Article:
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Broadcast rights, social media and the soul of college athletics

As recent as last fall, the Southeastern Conference announced it would ban social media from it’s stadiums. The conference reversed course after a backlash, but the thought process remains aimed at viewing social media as an adversary rather than a benefit to their bottom line.

The reason is simple. College sports leagues are making massive amounts of money selling broadcasting rights. The NCAA’s decision to expand the Division I Men’s Basketball tournament to 68 teams was driven solely by the potential of television dollars. So is all of this talk about expansion in the Big Ten and PAC-10 Conferences. 

So why have college sports been so slow to adopt social media in a big way? Look no further than the web site of your favorite college or universities. Legions of institutions funnel millions into competing on the sports field, but when it comes to developing a web presence, schools largely outsource their sites to third-party vendors who provide easy cookie cutter solutions.

College web sites are not produced by third parties, so why should their athletic presence be any different? It’s a confusing situation that owes largely to a lack of coordination between institutional marketing efforts and how they diverge from athletic marketing. Better collaboration and understanding between the two audiences would be a good starting point, but it’s only the beginning.

Institutions will employ people to sell tickets and provide marketing support, but much of that marketing support still lacks a connection to follow trends on the web. Pro sports teams and leagues are figuring it out quickly. The Detroit Red Wings of the National Hockey League employ a social media coordinator, even the fledgling Women’s Pro Soccer League (WPS) have embraced the medium by creating a social media guide for it’s teams and streams games via iPhone. Going abroad, the Indian Premier League, the world’s largest cricket league broadcasts all of its games on YouTube, while still raking in major dollars on television revenues.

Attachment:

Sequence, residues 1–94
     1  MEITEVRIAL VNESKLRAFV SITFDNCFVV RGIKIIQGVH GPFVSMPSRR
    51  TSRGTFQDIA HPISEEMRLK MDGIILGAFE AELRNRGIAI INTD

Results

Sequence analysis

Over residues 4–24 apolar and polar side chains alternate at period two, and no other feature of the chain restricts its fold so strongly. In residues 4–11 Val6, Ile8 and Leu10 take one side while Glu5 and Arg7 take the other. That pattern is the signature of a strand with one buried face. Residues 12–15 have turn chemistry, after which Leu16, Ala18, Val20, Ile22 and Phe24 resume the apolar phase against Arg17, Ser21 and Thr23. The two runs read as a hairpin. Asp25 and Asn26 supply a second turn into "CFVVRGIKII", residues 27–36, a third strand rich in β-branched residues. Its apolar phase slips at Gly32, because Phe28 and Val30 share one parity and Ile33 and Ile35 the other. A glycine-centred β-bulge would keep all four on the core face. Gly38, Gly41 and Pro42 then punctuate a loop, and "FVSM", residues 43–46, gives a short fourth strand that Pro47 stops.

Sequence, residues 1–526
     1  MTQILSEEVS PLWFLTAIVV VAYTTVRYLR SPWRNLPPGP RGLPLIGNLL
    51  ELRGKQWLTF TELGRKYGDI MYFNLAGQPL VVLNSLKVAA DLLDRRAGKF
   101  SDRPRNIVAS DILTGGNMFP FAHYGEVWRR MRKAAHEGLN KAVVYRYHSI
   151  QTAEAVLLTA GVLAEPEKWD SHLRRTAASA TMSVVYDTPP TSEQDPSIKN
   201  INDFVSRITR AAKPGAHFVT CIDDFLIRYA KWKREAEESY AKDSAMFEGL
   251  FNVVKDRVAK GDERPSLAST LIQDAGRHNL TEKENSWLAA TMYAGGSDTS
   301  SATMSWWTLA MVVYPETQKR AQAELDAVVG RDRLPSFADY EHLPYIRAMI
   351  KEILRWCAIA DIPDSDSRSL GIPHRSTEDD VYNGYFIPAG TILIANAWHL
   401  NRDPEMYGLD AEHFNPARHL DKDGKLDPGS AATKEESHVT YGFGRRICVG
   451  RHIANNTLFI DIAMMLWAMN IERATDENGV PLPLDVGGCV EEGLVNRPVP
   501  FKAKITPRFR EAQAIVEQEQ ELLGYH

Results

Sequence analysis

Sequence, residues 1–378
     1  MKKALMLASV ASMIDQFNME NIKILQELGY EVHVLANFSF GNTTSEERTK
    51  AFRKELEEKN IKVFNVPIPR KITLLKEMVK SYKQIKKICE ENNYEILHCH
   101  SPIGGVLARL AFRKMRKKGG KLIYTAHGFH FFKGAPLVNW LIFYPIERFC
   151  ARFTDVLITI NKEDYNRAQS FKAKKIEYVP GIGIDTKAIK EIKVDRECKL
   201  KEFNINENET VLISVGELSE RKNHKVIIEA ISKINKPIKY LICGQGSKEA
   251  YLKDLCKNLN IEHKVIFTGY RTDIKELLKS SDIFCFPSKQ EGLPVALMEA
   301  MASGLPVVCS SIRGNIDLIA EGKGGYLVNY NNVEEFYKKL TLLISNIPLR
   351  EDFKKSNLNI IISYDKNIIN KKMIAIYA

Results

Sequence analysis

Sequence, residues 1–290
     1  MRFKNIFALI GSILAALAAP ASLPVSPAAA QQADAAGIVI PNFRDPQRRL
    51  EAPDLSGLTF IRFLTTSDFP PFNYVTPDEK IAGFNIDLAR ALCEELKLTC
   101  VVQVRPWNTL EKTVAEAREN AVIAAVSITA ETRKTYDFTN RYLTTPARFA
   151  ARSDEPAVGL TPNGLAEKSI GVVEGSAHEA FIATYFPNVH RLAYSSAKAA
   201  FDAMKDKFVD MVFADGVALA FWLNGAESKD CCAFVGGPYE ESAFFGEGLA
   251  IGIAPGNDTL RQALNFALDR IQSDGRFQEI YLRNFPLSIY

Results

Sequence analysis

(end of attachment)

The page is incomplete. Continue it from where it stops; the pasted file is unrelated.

Major League Baseball is considered a fuddy duddy when it comes to sports innovation, as the league has taken ages to adapt in ways other leagues have. But when it came to social media, MLB was the first one to truly leverage the digital space in a way that generate massive revenues for its member clubs through MLB Advanced Media. As of 2007, this editorially independent arm of the league’s 30 clubs was generating over $400 million in revenues. While a drop in the bucket relative to the other revenue streams the teams generate, it proves it’s worth in ways beyond just the intangibles.

The only way college teams and their leagues will truly begin to appreciate the power of social media will be when they discover the money to be made. While smaller leagues and institutions might feel their strategies are confined only to their markets, broader thinking might compel them to start pooling their resources to create revenue opportunities where they don’t currently exist.

Very little is stopping smaller, regional and non-scholarship institutions from broadcasting their games online. Some conferences already do. The problem? Production quality is usually poor, it can be difficult to find someone experienced enough to shoot these games and the quality of competition indicates that only the most die-hard fans and parents are going to be interested in the content. So while there might not be a market for say, Division 3 regular season basketball games; the possibility exists to partner with an existing resource to reach the fans who’ve already assembled and create a repository for highlights and other content that might be of interest rather than being burdened with the task of creating and maintaining the content and then finding an audience for it.

Where the future takes us will be driven by something more than just good ideas or technology. It’s going to come down to money and the opportunities to generate it.